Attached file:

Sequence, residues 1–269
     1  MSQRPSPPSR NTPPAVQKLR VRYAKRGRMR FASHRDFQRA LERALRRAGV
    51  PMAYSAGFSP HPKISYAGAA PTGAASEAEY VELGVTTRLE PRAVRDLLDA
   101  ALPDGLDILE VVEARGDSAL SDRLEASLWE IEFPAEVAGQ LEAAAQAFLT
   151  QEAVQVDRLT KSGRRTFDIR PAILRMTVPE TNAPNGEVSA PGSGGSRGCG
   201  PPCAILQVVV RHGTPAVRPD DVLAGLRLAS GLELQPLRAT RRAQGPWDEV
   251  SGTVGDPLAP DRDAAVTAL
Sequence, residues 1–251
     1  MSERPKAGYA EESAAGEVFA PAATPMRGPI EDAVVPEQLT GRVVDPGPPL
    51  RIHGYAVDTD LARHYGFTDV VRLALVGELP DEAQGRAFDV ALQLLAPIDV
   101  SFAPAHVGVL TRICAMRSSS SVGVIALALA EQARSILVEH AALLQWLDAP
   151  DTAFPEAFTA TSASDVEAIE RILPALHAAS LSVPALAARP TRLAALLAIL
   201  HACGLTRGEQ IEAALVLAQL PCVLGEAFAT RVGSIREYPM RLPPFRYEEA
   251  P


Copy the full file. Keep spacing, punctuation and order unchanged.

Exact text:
Sequence, residues 1–269
     1  MSQRPSPPSR NTPPAVQKLR VRYAKRGRMR FASHRDFQRA LERALRRAGV
    51  PMAYSAGFSP HPKISYAGAA PTGAASEAEY VELGVTTRLE PRAVRDLLDA
   101  ALPDGLDILE VVEARGDSAL SDRLEASLWE IEFPAEVAGQ LEAAAQAFLT
   151  QEAVQVDRLT KSGRRTFDIR PAILRMTVPE TNAPNGEVSA PGSGGSRGCG
   201  PPCAILQVVV RHGTPAVRPD DVLAGLRLAS GLELQPLRAT RRAQGPWDEV
   251  SGTVGDPLAP DRDAAVTAL
Sequence, residues 1–251
     1  MSERPKAGYA EESAAGEVFA PAATPMRGPI EDAVVPEQLT GRVVDPGPPL
    51  RIHGYAVDTD LARHYGFTDV VRLALVGELP DEAQGRAFDV ALQLLAPIDV
   101  SFAPAHVGVL TRICAMRSSS SVGVIALALA EQARSILVEH AALLQWLDAP
   151  DTAFPEAFTA TSASDVEAIE RILPALHAAS LSVPALAARP TRLAALLAIL
   201  HACGLTRGEQ IEAALVLAQL PCVLGEAFAT RVGSIREYPM RLPPFRYEEA
   251  P